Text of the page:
So the polling got the less inhibited white non-college-educated Trump voters right, but the graduates very wrong: “The exit polls show that Trump ran even among white college graduates 49-49, and even had an edge among white female graduates of 50-49! This puts pre-election surveys out by a whopping 26-31 points among white graduates.” The threat of wokeness both alienated educated white voters — and caused more of them to vote Trump than anyone expected. The problem with woke media is that they mislead Democrats who then misread the country.
And that’s what I mean about the clearer air we breathe after surveying what Americans actually believe — in cold hard data. This mass secret vote revealed that the New York Times’ woke narrative of America — the centuries-long suffocating oppression of minorities and women by cis white straight men — is simply a niche elite belief, invented in a bubble academy, and imposed by bullying, shaming and if possible, firing dissenters. Some of us who refused to cower can gain real satisfaction from knowing we were not mad, not evil, not bigots, and that a huge swathe of our fellow citizens agree.
Recall also the huge money advantage the Democrats had in many Senate races they still lost. In California’s Prop 16 vote, for good measure, supporters of bringing back race discrimination by public authorities outspent opponents 14 -1! What this election shows is that leftists cannot bully voters into abandoning core principles of liberal democracy, and they can’t buy their submission either.
The clarifying truth is that we’re a very closely divided country, growing further apart culturally and socially, exploited by extremists on right and left, and yet still, fundamentally, sane. The American people do not want a revolution, but they also realized they do not want Trump as head of state. They removed the nutcase, defanged the woke, showed up to vote in vast numbers, and gave us a constellation of forces in Washington that pleases no one. And that’s ok.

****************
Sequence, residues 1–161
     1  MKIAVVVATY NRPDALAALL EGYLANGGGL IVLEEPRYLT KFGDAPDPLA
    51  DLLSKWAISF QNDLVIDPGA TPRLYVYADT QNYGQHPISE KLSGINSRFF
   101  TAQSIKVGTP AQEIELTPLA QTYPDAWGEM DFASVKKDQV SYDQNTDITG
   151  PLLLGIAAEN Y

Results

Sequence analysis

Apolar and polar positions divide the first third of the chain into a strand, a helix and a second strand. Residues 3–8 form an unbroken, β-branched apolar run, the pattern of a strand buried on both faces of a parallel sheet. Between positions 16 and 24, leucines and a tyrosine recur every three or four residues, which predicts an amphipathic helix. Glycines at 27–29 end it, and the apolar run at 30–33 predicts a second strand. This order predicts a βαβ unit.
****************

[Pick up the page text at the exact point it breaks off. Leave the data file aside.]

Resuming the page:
America is a vast and complicated place — and our representatives mirror that rather accurately, it seems. That’s democracy working, not failing. And in such a country, there is a place in the center for compromise if we can unwind the hysteria and polarization that the far left has fueled and Trump has exacerbated. We have now a president-elect with little personal ambition ahead of him, deep relationships with the Senate he will desperately need, elected by the sane center, with a check on his left flank. If we can get pragmatic and less inflamed, we can move forward. Biden won the primary thanks to moderate and realistic black voters; and he has won the election with a broad coalition. There are deals to be done. There is politics to engage. And we’ll get there if we can use this moment to listen to each other, especially those whose opinions we have spurned, and whose identities we have feared.
But the maniac is gone. It will take some serious effort to keep him from inflicting terrible damage on his way out. But he is gone. The republic will survive, battered and bruised, but it will survive. And with a little grace from all of us, it can also begin to heal.
(Note to readers: This is an excerpt of The Weekly Dish. If you’re already a subscriber, click here to read the full version. If you’re not subscribed and want to read the whole thing, and keep independent media thriving on Substack, subscribe now! This week’s issue includes all the usual reader Dissents and my responses, more window views, Quotes for the Week, new Yglesias Award nominees, recommended reading, the Face of the Week, our Mental Health Break video, and, of course, the results of the View From Your Window contest — with a new challenge. Subscribe for the full Dish experience!)
New On The Dishcast: Coleman Hughes
Who better to chew over the election results with than Coleman? He’s a brilliant young writer at Quillette on issues related to race, a contributing editor at City Journal, and the host of the podcast Conversations with Coleman. He famously faced off against Ta-Nehisi Coates at a congressional hearing on reparations. We cover almost every angle and have a lot of fun. Listen here!
(Top photo by Brendan Smialowski /AFP via Getty Images)